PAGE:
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Software and business methods: more playing around at the edges?


For the last 25 years, debate has raged as to where the line falls between patentability and non-patentability of business method and software-related inventions. Although the broad distinctions were drawn up some years ago, debate into the finer detail remains ongoing.

At R&G we have a sophisticated practice advising clients operating in non traditional patent areas such as banking and finance. The nuances in decisions worldwide can often affect our clients’ prospects for patent protection. In a rapidly changing field applicants are faced with the prospect that what is patentable now may not be patentable by the time a patent office picks up their application to examine it. Applicants in this area have to be prepared for the law to change either in their favour or against them.

In the US, the recent case of CLS v Alice (CLS Bank v Alice Corp. (Fed CIR 2013) (REN Banc)) demonstrated that the extent to which a computerised business method could be patented is still very much a live issue. The most recent round of the debate as to the patent eligibility of business method claims came to a head in the US Supreme Court decision on Bilski. This decision set out the “machine or transformation” test for deciding whether a business method could be the subject of a US patent, but at the same time held that that was not the only test for deciding what was patent eligible subject matter. The Bilski test requires that a method either a) relates in the transformation of matter, for example by making something, or b) is implemented with a particular machine that is specifically devised and adapted to carry out the process and that is not conventional nor trivial. The court also held that abstract ideas are not patent-eligible but did not define what it meant by abstract.

The CLS v Alice case was concerned with methods of reducing settlement risk by effecting trades through a third party intermediary empowered to verify that both parties can fulfil their obligations before allowing the exchange to be completed. Of particular note was the fact that many of the method claims were not written in a “post-Bilski” form that related the steps of the method to the part of the computer system that performed that step. The decision was en banc, meaning that all ten judges of the Court of Appeal for the Federal Circuit heard the case. In a magnificent display of judicial independence they reached seven different decisions. There was no majority support for any opinion but seven of the ten judges agreed that the method claims were not patent eligible. Perhaps more importantly, eight of the ten were of the view that the claims should stand or fall together regardless of whether they were method or apparatus claims.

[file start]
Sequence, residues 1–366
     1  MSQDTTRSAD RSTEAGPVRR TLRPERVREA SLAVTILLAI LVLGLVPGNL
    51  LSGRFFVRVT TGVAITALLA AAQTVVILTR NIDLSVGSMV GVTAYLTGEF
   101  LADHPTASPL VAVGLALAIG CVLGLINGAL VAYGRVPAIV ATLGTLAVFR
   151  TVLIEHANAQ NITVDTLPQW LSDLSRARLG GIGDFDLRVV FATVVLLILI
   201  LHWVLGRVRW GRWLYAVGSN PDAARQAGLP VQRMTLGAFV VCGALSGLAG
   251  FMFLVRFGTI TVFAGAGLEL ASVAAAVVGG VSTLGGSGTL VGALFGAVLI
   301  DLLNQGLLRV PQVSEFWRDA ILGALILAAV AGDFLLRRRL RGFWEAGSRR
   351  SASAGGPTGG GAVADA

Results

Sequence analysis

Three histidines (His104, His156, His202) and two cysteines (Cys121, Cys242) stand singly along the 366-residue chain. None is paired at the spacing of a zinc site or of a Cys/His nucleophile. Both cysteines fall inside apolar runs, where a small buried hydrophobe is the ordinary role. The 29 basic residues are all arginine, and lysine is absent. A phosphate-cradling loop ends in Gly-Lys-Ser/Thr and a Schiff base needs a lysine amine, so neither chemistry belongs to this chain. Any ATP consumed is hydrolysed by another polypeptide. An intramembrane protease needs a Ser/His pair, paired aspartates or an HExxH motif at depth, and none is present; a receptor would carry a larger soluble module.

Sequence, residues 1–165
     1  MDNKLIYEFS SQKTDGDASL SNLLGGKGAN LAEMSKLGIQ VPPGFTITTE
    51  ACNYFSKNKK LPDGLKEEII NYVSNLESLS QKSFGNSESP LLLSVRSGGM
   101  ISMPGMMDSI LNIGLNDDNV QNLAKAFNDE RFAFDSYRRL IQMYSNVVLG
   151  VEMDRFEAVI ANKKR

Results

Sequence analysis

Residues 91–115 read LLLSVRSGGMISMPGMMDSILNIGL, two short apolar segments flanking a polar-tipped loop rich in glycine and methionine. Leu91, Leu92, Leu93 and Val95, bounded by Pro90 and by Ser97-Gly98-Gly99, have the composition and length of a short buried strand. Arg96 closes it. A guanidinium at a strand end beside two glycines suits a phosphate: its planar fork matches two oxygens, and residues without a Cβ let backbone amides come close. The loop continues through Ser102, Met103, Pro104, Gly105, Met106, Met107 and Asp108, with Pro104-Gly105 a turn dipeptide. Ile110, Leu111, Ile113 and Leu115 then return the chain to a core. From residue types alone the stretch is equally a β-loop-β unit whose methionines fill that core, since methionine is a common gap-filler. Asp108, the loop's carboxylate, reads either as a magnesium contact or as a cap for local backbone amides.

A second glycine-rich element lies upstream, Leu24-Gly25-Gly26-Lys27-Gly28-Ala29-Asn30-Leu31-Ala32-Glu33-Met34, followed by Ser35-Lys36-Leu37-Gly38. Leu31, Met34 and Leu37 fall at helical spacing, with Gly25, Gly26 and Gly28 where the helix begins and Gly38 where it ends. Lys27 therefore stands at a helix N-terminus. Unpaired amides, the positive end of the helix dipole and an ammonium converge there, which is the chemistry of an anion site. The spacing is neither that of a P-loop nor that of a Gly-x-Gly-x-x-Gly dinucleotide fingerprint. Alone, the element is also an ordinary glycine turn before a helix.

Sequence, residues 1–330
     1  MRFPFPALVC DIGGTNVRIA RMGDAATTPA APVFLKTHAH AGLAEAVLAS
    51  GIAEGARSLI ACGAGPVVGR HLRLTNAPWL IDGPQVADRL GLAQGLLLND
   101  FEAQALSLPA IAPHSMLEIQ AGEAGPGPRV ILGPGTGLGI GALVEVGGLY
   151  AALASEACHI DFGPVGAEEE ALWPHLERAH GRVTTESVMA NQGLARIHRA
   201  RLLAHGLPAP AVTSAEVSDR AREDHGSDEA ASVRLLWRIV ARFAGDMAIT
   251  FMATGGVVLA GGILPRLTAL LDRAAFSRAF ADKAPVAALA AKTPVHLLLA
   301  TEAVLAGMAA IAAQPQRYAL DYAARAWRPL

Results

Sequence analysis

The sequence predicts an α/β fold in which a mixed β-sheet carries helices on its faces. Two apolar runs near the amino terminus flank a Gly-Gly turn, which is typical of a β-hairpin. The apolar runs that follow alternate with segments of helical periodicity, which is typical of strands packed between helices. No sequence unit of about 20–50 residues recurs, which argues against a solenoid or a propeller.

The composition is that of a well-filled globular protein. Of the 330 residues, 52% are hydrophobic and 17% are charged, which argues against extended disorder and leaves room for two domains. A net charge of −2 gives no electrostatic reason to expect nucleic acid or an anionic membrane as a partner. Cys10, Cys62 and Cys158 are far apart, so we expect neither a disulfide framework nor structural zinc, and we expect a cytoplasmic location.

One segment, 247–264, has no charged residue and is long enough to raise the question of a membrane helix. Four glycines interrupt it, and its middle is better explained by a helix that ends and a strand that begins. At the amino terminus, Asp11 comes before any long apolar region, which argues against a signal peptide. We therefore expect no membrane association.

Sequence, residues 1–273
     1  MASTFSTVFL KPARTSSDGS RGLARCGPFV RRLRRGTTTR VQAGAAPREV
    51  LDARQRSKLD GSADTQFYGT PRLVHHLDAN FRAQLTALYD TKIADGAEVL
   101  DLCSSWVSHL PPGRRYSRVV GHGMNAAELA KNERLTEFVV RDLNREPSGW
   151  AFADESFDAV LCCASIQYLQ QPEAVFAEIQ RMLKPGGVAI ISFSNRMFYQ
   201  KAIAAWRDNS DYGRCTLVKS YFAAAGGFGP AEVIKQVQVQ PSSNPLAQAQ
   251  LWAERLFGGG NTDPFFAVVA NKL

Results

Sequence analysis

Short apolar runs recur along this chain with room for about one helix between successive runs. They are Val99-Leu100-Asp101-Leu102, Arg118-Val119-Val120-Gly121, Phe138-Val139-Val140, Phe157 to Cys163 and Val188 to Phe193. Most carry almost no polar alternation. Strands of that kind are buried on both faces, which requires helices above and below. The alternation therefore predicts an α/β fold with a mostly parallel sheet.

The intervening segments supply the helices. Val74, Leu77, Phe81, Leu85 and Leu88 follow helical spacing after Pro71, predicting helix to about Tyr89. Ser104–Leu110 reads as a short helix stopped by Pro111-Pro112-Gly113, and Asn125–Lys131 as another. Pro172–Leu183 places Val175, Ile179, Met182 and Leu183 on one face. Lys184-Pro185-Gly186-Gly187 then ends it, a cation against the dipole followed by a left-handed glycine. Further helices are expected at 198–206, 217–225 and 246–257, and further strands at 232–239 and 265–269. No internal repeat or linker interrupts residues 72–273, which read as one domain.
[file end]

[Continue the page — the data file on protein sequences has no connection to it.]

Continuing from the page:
In this case, the court decided that the method was an abstract idea because it is a “disembodied” concept and un-tethered from any real world application. One wonders whether the decision would be the same had the claims been drawn to a computer-implemented method which tied these method steps to physical features of a computer system.

The decision shows that there is still much judicial disagreement as to a reliable test for patent-eligible subject matter and we can suppose that the US Supreme Court will be asked to consider the question again before too long.

Interestingly, the US Patent Office has reacted to the decision by issuing a memorandum to the Examining Corps notifying examiners that there is no change in examination procedure for evaluating subject matter eligibility. The memorandum noted the multiple divergent opinions and stated that it was considering whether further detailed guidance is needed.

Other Jurisdictions

In our 20th May update we reported on the HTC v Apple case in the UK Patent Office which held that software which presented an improved interface to application programmers constituted an improved device which was therefore patentable. In the EPO, the position is fairly settled, the question of patentability being treated as one of inventive step and the Office looking for a technical solution to a technical problem as evidence of an invention. There is still no answer to the question of “what is technical?”.

Meanwhile the New Zealand Government passed a bill last month confirming that computer programs are not patentable. Whilst this appears to be a very dramatic change, closer inspection suggests that New Zealand is moving its law towards the European standard which holds that inventions that are no more than computer programs cannot be patentable. If the computer program delivers a technical improvement, the invention will still be patentable.

It is clear to us that it will be many years before this area finally settles down. However, technical inventions which rely on software remain patentable worldwide and computer related inventions where the improvement is non-technical, such as a business method, are still patentable in a number of jurisdictions although it is increasingly important that these cases are very carefully drafted and carefully worded.

This article is for general information only. Its content is not a statement of the law on any subject and does not constitute advice. Please contact Reddie & Grose LLP for advice before taking before any action in reliance on it.

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